Demanding elections. Haitian caretaker Prime Minister Ariel Henry issued a public address early on Thursday amid ongoing violent protests this week calling for his ouster. Henry urged demonstrators to “save” the country and said he would schedule elections after the nation’s security situation improves. Haiti was supposed to hold elections by Feb. 7, but Henry has argued that he must ensure safe voting conditions first. Rampant gang violence continues to plague the Caribbean nation, with criminal groups controlling up to 80 percent of the capital of Port-au-Prince. But many Haitians accuse Henry of using the crisis to tighten his grip on power by pushing the possibility of a credible election out of reach, Comfort Ero and Richard Atwood argued in Foreign Policy.

What in the World? According to preliminary results, what percentage of ballots did Salvadoran President Nayib Bukele win on Sunday in his bid for reelection?A. 55 percentB. 71 percentC. 83 percentD. 98 percent

Odds and Ends In a dramatic about-face, the Guinness World Records announced on Thursday that French artist Richard Plaud’s Eiffel Tower sculpture is officially the tallest building ever made out of matchsticks. The judges had previously rejected Plaud’s creation, saying his decision to use matches without a flammable tip did not adhere to guidelines calling for standard materials. But after finding inconsistencies in its own ruling, the committee decided to overturn its inflammatory judgment. Plaud’s tower stands at more than 23.5 feet tall and uses over 700,000 matches. Saying it regrets the “distress” that Plaud suffered from the initial rejection, Guinness is now congratulating the Frenchman “on his truly impressive structure—and his new Guinness World Records title.”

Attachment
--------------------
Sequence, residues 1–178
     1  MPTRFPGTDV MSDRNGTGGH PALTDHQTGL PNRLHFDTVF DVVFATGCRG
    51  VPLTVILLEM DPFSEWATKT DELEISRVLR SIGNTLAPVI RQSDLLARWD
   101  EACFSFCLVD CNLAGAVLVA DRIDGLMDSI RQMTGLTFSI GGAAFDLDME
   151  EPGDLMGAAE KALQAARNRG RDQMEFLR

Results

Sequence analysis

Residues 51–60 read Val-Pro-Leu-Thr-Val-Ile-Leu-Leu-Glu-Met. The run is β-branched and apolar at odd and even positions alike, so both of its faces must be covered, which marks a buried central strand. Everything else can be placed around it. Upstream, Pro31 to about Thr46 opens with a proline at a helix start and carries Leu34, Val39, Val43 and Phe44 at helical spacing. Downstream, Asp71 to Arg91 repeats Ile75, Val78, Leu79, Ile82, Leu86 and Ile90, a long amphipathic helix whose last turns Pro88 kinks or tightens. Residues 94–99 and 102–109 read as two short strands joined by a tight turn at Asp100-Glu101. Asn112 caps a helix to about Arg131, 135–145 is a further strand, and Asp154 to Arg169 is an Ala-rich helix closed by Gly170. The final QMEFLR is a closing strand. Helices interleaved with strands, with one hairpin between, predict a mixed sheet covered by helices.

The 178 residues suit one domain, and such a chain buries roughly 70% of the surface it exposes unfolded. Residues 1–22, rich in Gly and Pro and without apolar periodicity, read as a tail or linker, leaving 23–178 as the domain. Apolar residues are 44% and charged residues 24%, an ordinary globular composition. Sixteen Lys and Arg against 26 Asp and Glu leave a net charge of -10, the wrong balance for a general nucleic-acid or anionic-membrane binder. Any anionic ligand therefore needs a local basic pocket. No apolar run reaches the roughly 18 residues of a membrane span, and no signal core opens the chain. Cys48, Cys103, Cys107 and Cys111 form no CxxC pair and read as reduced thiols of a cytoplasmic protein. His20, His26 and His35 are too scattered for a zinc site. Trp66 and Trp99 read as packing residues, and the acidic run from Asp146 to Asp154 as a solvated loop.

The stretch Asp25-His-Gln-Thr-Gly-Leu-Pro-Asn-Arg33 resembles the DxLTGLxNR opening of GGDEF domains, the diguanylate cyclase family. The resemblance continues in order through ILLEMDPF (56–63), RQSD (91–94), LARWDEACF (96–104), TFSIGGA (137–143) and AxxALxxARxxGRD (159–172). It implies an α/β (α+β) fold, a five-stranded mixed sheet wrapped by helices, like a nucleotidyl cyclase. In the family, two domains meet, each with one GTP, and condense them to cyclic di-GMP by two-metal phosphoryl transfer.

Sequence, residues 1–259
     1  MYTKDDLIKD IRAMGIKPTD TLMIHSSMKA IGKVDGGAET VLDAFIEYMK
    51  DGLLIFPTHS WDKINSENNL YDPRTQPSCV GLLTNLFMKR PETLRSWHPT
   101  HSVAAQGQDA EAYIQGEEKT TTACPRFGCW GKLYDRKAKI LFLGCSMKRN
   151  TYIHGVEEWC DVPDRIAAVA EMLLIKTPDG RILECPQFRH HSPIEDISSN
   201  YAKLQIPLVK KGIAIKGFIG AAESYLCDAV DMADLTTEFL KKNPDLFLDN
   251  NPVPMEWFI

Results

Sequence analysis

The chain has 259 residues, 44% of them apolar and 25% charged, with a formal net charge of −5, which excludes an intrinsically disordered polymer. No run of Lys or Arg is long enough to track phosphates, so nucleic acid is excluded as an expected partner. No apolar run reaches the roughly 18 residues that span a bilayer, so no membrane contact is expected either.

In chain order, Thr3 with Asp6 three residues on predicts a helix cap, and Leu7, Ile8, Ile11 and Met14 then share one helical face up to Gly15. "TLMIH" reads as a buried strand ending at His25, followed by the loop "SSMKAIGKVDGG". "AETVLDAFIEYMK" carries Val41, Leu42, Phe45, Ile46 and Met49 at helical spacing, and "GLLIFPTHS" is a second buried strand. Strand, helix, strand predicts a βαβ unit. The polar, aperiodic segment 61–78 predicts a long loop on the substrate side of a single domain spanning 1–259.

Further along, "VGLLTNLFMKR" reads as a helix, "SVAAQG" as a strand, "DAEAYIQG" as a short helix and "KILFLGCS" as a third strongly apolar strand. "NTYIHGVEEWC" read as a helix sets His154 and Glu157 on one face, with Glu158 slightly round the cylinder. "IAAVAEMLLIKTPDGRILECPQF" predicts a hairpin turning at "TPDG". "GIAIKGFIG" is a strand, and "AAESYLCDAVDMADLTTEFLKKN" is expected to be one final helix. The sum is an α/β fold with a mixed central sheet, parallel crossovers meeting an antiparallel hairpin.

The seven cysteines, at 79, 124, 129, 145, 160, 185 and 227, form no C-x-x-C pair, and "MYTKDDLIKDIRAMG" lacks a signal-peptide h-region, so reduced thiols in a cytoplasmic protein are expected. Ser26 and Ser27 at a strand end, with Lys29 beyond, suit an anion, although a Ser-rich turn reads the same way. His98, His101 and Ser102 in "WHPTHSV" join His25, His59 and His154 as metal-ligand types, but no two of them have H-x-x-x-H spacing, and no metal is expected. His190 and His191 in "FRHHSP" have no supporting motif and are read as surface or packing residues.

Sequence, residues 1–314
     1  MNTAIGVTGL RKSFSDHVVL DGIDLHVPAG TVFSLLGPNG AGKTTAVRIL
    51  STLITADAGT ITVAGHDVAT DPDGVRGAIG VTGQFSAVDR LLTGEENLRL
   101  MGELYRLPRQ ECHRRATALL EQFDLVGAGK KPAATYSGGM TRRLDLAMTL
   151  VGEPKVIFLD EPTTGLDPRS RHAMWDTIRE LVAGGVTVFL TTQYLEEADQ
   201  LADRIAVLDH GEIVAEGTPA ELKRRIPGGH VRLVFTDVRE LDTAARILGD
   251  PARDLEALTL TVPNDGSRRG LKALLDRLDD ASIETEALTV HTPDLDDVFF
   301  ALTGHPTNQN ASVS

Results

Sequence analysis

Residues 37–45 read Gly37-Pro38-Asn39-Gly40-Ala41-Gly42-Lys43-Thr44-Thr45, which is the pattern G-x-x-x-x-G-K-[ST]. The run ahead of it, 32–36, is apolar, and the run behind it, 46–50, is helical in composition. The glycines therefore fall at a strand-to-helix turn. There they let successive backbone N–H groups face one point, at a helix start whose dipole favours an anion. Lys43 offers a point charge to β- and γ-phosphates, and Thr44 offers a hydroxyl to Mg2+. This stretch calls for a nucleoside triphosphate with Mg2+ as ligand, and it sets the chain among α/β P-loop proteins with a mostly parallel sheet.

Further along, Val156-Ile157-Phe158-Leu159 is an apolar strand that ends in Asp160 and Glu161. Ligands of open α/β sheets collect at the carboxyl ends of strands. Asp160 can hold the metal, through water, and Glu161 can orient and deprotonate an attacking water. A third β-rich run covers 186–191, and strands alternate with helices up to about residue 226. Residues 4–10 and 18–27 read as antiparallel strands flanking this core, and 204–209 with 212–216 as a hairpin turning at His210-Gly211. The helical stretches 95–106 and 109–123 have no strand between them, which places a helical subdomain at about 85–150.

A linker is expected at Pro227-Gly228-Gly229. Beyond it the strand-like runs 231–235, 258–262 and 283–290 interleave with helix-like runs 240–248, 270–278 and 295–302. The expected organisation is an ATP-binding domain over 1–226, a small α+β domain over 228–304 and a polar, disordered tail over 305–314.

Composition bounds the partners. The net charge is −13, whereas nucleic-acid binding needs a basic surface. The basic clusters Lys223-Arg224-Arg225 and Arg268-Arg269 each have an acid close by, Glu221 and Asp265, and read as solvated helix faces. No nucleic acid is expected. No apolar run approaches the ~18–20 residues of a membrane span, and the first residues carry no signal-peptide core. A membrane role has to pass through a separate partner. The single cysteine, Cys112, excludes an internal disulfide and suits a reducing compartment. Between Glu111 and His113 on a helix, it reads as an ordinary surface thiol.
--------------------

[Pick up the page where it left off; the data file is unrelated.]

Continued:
And the Answer Is… C. 83 percent Bukele earned strong support for his aggressive approach to combating gang violence and high levels of crime, FP’s Catherine Osborn writes in Latin America Brief. To take the rest of FP’s weekly international news quiz, click here, or sign up to be alerted when a new one is published.